A likely Day Three prospect with pedestrian testing numbers, it is no secret that Moore is at his best when allowed to attack downhill and play near the line of scrimmage. In the pass game, Moore offers the most value when asked to blitz from depth. He does a nice job of staying tight in his path and knifing through creases in the protection schemes.

When closing on quarterbacks in the pocket, Moore runs his feet on contact and punishes passers, causing errant, short-armed throws when unable to arrive in time for a sack. He finished his career with 11.5 sacks, and though he will almost certainly not be an every-down player, he could potentially offer some juice to a pass-rush package at the next level.

In run support, Moore consistently stays square when working downhill toward the line of scrimmage, allowing him to maneuver laterally and effectively occupy gaps. While he struggles to get off blocks when forced to engage at the second level, he does a nice job to slip and avoid blockers when attacking the line of scrimmage downhill, keeping himself clean to factor in on tackles.

The theme here is similar. When allowed to play aggressive and attack downhill, Moore can provide sound and impactful defense in the run game. When able to square up ball carriers, Moore snaps his hips and runs his feet on contact, hitting on the rise to deliver noticeable power on impact.

While he is certainly not at his best when forced to play in space, Moore’s motor constantly runs high. When able to identify a proper angle and track the ball carrier’s near hip in a straight line, he can effectively range sideline to sideline. Similar to his work in the box, when able to square up ball carriers and come to balance, Moore is an extremely effective tackler in the open field.

Issues arise when Moore is asked to change direction against quicker ball carriers. While a limited athlete when forced to close in a straight line, Moore’s bigger limitations come from his lack of proper start/stop mechanics. When he fails to come to balance as he approaches ball carriers, he often winds up planting outside of his frame. That leads to some ugly reps like the one we see here against Boston College’s Zay Flowers.

Moving along with our theme of the day, Moore is best in coverage when asked to operate in “hook/curl zone” assignments and attack downhill from depth. While he tends to struggle in almost any man coverage matchup, he does a nice job to communicate pass routes, play top down, and close on checkdowns when operating in zone coverage.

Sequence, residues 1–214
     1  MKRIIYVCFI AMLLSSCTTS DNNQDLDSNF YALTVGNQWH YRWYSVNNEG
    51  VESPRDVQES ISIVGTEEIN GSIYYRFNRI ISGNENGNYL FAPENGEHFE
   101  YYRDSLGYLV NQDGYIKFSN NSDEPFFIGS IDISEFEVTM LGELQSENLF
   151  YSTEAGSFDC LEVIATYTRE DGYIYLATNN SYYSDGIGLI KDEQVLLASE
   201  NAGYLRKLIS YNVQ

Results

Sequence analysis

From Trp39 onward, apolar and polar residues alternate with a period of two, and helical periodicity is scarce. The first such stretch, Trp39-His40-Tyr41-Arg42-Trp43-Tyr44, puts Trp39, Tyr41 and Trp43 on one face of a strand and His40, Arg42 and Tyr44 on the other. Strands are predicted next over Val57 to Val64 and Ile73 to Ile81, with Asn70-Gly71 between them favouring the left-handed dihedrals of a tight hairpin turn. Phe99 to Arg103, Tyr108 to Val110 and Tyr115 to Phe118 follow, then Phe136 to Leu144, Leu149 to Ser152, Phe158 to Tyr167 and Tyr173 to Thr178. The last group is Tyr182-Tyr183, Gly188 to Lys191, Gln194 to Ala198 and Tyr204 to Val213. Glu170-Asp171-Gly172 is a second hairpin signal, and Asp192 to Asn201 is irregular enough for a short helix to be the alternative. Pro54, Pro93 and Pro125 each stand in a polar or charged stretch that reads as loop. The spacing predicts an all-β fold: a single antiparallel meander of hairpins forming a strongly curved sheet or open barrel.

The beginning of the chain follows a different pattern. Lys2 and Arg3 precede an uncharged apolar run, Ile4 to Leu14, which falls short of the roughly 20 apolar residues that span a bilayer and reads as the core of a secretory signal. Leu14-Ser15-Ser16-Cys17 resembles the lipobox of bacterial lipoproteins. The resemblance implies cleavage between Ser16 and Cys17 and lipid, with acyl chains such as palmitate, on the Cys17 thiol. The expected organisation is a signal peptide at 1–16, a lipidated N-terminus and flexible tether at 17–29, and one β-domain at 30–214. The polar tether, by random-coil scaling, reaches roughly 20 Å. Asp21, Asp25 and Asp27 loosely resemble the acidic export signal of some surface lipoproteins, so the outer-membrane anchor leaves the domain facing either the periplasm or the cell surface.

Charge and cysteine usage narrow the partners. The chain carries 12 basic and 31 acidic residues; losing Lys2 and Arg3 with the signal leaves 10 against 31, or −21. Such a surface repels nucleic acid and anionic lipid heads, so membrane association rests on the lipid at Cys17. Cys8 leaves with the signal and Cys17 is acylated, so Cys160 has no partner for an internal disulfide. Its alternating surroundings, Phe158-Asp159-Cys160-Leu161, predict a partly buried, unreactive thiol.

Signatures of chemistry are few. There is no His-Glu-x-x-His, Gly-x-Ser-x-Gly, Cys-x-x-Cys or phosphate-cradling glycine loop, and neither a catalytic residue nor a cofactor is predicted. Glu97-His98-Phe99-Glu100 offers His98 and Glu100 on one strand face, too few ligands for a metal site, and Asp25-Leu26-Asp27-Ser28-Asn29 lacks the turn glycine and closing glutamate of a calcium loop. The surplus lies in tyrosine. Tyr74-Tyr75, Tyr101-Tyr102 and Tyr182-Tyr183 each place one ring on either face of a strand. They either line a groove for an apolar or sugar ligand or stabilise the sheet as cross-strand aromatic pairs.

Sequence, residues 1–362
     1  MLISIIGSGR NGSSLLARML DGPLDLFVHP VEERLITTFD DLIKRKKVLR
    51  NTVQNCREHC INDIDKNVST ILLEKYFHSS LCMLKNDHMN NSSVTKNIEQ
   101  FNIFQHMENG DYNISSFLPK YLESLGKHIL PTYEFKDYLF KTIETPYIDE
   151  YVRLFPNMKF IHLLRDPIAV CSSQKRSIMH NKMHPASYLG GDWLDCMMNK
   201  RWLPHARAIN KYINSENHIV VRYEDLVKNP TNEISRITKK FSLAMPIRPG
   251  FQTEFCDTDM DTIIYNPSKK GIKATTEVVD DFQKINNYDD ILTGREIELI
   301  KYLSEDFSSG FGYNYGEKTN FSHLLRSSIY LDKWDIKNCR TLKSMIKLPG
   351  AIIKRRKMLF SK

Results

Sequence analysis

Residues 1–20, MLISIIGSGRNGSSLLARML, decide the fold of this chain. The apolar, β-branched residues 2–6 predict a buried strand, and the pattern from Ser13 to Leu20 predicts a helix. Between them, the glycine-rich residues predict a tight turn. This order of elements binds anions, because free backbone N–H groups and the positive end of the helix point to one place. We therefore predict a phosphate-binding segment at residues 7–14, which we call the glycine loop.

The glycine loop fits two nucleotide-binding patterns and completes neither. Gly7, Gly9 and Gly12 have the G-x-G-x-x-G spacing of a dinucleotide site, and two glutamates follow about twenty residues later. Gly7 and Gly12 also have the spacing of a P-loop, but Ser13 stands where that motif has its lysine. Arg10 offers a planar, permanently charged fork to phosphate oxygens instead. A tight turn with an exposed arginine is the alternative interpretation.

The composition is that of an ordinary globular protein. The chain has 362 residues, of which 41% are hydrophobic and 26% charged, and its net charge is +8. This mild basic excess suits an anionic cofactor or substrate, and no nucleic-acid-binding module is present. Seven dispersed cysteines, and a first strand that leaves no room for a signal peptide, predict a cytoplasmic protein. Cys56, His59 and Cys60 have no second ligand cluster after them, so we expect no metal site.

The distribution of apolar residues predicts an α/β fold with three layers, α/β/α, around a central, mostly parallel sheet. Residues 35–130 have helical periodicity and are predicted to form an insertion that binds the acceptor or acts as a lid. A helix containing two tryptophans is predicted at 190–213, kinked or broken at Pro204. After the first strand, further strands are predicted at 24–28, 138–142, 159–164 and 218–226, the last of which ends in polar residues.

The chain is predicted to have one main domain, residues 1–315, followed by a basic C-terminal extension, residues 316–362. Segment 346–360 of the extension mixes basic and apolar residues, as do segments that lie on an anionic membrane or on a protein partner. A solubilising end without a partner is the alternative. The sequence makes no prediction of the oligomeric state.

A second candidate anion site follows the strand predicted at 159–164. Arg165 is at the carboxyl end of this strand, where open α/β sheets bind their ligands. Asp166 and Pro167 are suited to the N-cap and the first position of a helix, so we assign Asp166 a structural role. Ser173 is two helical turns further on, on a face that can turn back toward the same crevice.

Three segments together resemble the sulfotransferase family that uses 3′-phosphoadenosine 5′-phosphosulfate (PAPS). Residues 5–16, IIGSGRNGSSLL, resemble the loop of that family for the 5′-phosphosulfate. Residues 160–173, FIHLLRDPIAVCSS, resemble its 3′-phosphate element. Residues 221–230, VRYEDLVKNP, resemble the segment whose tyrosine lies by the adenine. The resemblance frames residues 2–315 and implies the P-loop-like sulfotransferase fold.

Although he rarely arrives in time to contest the catch point, Moore is often able to generate pass breakups through brute force, punishing pass catchers with violent hits at the catch point to jar the football loose. Put simply, Moore plays with a high-motor and a physical demeanor. Likewise, his approach in coverage is no different.

While mostly a sound player in coverage, with a solid foundational understanding of both the goals of coverage schemes and offensive passing concepts, Moore’s desire to provide physical re-routes can take him out of his assignment. This can prove to be particularly costly against mesh concepts, where opposing offenses can entice Moore with a shallow crosser, opening up room to work into his vacated zone.

Given his limited athleticism, which prevents him from being able to recover from even minute false steps, Moore needs to be near perfect with his eyes and technique to provide competence in that department. Likewise, as he was at times at North Carolina State, he will almost certainly see himself subbed off the field in passing down sub-packages.


Isaiah Moore could certainly prove to be a solid add in the middle-to-later half of Day Three. I believe that he can immediately provide solid depth as a backup inside linebacker with potential to serve as a productive, four-phase special teamer.

He likely never ascends to a full-time starter due to size limitations. But with his ability to provide sound run defense when working downhill along with his capability working from depth as a pass rusher, Moore should eventually be able to find a contributing role on defense at the next level. His tape reminds me quite a bit of Shaquille Quarterman, a former Miami Hurricane who similarly starred in college before settling into a productive backup and special teams-oriented role in Jacksonville.

While the lack of athleticism certainly can be exposed in the open field, a team could at the very least be comfortable that it can rely on Moore to play assignment sound football on a down to down basis, doing his 1/11th and not overcompensating for others. Moore is one of my top late-round options at the off-ball linebacker position.

Projection: Mid-to-Late Day Three

Depot Draft Grade: 6.7OFF -Backup/Special Teamer (5th Round)

Games Watched: vs Boston College (2022), at Clemson (2022), at Syracuse (2022), vs Texas Tech (2022)